Vaccines and immunizations have become a hot—and somewhat controversial—topic in the United States recently. But despite the debate, childhood vaccines remain an important part of maintaining herd immunity among the general population.
Herd immunity occurs when a significant portion of the population is vaccinated against a disease, thereby limiting its spread.
Katherine Lesser, a second-year MPH student in the USF College of Public Health with concentrations in epidemiology and global communicable disease, and Jessica Garcia, a second-year MPH student with concentrations in epidemiology and global health, have gotten involved with the Shot@Life initiative in order to advocate for childhood vaccines.
The United Nations Foundation created the Shot@Life initiative with the goal of making childhood vaccines a worldwide norm. It focuses primarily on vaccines for measles, polio, rotavirus and pneumonia, and works on a daily basis to engage important people within state and federal governments on the issue of childhood vaccinations. The initiative organizes many fundraising campaigns throughout the year, and raised over $575 million for childhood vaccines in the last year.
Lesser, who got involved with the organization through her passion for vaccination, and Garcia, who found the organization through a flyer in the COPH, both participated in Shot@Life’s annual summit. This is the organization’s culminating event in Washington D.C. where its members, referred to as champions, advocate for immunization.
“Each year, over 100 champions from across the country gather in the Capitol to advocate for childhood vaccines,” said Lesser, “Attendees hear from industry professionals about vaccine progress and innovation, as well as the ins and outs of advocacy work in D.C.”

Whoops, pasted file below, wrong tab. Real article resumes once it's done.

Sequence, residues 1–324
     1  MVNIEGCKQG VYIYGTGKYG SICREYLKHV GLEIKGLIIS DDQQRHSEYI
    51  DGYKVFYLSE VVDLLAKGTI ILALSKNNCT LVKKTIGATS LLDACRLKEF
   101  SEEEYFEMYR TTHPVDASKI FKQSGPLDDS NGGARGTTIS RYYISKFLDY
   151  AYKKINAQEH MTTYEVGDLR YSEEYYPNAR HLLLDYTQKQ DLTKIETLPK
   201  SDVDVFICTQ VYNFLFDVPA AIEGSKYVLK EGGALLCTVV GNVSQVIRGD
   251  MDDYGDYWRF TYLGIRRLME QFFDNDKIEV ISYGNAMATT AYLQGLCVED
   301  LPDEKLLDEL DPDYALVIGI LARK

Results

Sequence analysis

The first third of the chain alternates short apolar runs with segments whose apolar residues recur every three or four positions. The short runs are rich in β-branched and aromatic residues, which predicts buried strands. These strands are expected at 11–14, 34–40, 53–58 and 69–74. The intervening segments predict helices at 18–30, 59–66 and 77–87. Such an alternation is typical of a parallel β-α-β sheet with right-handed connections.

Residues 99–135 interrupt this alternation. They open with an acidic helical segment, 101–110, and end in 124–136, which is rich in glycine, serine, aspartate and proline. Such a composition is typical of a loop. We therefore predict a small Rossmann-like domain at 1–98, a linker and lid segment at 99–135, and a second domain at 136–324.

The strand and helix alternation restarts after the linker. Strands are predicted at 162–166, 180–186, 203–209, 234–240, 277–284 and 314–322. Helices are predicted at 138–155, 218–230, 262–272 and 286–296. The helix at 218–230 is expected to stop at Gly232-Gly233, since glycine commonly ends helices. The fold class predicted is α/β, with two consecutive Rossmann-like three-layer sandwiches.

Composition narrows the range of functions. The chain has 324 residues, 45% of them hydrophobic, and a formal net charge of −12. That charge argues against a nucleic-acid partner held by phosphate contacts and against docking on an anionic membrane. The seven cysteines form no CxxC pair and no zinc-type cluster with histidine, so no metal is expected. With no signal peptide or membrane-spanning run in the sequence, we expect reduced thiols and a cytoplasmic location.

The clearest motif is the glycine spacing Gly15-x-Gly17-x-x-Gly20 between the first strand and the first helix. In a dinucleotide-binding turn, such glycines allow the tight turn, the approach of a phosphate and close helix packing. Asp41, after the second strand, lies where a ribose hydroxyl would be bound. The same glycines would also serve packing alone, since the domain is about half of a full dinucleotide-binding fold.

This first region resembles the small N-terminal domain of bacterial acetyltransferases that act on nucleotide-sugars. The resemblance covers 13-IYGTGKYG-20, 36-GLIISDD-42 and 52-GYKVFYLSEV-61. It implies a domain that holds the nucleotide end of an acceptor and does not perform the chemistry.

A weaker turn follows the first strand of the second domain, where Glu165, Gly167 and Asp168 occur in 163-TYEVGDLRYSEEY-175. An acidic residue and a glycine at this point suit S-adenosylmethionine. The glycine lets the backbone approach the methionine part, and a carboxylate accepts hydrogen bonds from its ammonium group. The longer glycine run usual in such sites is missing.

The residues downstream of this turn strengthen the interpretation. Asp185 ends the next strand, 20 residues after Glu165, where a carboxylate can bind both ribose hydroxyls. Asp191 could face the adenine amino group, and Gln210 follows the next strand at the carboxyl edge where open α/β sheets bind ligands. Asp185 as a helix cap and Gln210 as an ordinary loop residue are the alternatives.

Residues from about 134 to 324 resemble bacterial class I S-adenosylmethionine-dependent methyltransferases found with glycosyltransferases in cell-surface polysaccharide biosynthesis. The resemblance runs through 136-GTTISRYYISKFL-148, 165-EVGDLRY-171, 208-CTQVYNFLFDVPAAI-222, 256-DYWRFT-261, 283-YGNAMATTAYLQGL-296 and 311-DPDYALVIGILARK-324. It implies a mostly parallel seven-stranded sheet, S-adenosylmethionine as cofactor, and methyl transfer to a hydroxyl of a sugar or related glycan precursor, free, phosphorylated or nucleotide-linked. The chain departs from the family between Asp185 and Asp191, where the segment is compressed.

At this year’s summit, Lesser and Garcia met with multiple Florida state representatives and staff members in order to assure them that Shot@Life’s initiative to provide childhood vaccines worldwide is still worthy of their support.
Garcia believes recent current events have illustrated the importance of immunization and why Shot@Life’s mission is so crucial on a national and global level.
“With the recent measles outbreaks occurring nationwide, it just shows how vital it is for public health professionals to advocate [for the protection of children] from vaccine-preventable diseases,” said Garcia.
Lesser agrees and finds encouragement in the fact that their involvement in the initiative holds great importance in protecting children and our future from preventable diseases.
“Shot@Life and the summit are awesome ways to connect with other champions and meet in person with both congressional members and their staff to raise awareness and secure support for this incredibly important cause,” said Lesser.
Story by Cody Brown, USF College of Public Health